U.S. Beef Export's Future is Bright

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CattleFax see long-term growth in exports, but record prices could slow some trading partners beef purchases.

The CattleFax folks are long-term fans of beef trade, and their presentation at the 2013 Cattle Industry Convention was fairly optimistic about the trade outlook for 2013—optimism fueled mostly by Japan’s long-awaited agreement to accept beef from older cattle and continued growth in demand from developing economies.

The downside? Well, Russia isn’t exactly a bright spot, and the record cattle prices expected for the year are on the wrong side of the supply and demand equation. In fact, domestic demand for low-value beef cuts has U.S. consumers bidding longtime customers—like Mexico—out of the market.

But the good should outweigh the bad, they suggested. They look for an overall increase of 3% in exports.  Much of that will be offset, of course, by increased imports—especially from Australia--as an expected decrease in U.S. cow and fed cattle slaughter reduces the supply of grinding beef even as continuing weakness in the domestic economy pushes consumers to lower-priced protein options.

This all has to be kept in a certain perspective. Randy Blach noted that both the packing and retail sectors did poorly in 2012, indicating that domestic retail prices are approaching their upward limits in this weak economy. In fact, CattleFax is predicting a 2% decrease in domestic demand this year—easily the most negative aspect of their outlook. The increased exports are a major reason they can still predict record prices for the year.

Despite a what they see as a bearish outlook for the worldwide economy, even sluggish growth in the developing nations has a positive impact on worldwide deman, simply because as people escape poverty, better food is their first priority—and beef is high on the list in most societies.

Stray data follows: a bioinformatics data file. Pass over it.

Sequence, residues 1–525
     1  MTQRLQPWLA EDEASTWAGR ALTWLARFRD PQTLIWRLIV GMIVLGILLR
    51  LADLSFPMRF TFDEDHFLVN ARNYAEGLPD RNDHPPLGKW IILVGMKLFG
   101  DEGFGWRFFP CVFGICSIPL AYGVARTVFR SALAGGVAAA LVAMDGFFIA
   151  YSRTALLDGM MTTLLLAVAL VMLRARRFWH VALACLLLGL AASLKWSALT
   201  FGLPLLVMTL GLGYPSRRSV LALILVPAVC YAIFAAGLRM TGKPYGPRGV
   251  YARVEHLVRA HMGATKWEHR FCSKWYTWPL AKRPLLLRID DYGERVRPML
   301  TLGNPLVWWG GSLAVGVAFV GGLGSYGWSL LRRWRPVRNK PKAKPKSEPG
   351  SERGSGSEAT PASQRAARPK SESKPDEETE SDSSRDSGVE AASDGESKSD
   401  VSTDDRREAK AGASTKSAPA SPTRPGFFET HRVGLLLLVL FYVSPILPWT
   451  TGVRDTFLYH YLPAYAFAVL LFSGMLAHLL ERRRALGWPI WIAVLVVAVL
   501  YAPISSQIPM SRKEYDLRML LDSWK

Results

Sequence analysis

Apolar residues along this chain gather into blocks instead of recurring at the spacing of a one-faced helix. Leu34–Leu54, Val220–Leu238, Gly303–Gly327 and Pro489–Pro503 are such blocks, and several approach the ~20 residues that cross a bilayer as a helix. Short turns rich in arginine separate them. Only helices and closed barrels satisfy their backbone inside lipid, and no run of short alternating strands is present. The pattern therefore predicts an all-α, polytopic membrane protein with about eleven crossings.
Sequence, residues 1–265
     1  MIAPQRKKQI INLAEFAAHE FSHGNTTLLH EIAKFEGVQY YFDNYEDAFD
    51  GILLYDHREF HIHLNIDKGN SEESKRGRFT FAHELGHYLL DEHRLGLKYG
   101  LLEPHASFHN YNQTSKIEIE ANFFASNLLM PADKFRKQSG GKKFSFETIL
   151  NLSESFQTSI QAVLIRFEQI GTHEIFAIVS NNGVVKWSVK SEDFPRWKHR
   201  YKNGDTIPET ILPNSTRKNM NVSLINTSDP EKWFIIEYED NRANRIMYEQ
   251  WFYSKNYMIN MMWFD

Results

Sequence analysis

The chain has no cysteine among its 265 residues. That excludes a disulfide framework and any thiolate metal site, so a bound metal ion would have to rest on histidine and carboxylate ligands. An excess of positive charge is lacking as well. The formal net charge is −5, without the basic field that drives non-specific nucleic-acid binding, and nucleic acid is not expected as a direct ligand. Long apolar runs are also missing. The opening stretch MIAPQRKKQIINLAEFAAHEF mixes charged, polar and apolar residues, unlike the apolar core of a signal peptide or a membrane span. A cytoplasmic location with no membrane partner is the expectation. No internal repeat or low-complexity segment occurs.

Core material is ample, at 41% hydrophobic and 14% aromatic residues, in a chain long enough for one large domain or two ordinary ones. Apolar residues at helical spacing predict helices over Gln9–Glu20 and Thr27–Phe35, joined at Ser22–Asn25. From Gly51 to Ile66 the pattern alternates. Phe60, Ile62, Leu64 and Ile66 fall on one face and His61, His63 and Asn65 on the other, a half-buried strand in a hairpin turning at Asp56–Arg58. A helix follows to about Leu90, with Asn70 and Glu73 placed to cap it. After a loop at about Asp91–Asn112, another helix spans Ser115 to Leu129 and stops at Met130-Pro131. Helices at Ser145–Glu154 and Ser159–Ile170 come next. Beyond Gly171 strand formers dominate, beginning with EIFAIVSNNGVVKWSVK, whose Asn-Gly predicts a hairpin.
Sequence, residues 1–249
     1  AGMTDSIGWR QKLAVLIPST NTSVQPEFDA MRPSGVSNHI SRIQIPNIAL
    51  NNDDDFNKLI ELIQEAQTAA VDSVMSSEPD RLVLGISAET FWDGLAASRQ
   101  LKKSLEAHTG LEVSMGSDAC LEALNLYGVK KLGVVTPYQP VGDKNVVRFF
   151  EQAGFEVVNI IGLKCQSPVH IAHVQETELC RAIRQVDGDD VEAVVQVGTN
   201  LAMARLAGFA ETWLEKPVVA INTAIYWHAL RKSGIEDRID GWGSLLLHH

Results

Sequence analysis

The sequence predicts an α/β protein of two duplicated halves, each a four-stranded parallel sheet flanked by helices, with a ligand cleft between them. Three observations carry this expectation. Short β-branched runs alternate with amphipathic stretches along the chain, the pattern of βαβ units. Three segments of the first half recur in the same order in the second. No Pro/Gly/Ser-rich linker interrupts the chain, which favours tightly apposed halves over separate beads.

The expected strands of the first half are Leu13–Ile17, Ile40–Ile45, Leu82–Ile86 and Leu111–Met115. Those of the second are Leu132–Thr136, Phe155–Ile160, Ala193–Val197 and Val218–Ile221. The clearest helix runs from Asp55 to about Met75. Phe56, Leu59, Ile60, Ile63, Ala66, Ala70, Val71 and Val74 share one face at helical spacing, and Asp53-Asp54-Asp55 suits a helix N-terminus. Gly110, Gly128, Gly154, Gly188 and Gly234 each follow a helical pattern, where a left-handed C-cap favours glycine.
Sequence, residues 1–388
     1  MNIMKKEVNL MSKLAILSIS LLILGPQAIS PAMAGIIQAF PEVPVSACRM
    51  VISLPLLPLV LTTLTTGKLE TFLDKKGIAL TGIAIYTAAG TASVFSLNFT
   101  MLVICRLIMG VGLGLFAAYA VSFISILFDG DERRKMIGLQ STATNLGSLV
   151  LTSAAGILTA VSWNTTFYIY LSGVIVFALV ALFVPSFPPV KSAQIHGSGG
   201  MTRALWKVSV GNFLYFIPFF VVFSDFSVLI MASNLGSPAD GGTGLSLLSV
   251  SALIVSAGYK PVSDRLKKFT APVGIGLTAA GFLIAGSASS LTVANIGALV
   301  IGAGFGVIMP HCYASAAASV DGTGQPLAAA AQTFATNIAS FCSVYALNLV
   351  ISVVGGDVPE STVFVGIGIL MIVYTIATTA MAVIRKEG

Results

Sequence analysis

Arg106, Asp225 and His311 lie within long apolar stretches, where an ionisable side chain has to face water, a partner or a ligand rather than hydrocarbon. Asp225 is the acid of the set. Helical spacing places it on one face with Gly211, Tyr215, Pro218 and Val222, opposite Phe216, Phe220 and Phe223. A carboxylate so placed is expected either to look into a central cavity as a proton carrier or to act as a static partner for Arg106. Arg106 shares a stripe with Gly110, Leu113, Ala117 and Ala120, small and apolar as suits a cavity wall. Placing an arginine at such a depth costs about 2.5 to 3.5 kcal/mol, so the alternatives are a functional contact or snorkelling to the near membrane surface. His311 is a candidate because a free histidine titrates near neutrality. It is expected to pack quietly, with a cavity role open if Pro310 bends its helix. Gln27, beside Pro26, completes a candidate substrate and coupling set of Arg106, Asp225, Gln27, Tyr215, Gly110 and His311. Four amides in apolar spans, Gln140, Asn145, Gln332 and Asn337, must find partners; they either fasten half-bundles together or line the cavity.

The global economy has grown by $4.1 trillion in the last 5 years, even as drought and feed costs have reduced the worldwide supply of beef. That and continued population growth translate into a rosy future for exports—in 2013’s case more than enough to offset the expected reduction in U.S. demand.

If Russia were to come around—you’ll recall they suddenly decided they don’t want U.S. beef—things would get even rosier. The CattleFax guys said they aren’t optimistic about a short-term fix, but Phil Seng at the U.S. Meat Export Federation professes to be more optimistic. He says that Russia "needs" U.S. beef and thinks the beef ban is a minor part of the problem in U.S.-Russian relations.

Either way, CattleFax expects that growth in demand from Japan, Mexico and Canada will offset the loss in the Russian market, even if it continues. The Japanese situation pleases them no end—they say Japan access alone will add $1 per cwt. to offal values this year. They note that Japan has been a long term customer for most beef tongues produced in the U.S., and note that tongues are twice as valuable in Japan as in the U.S.


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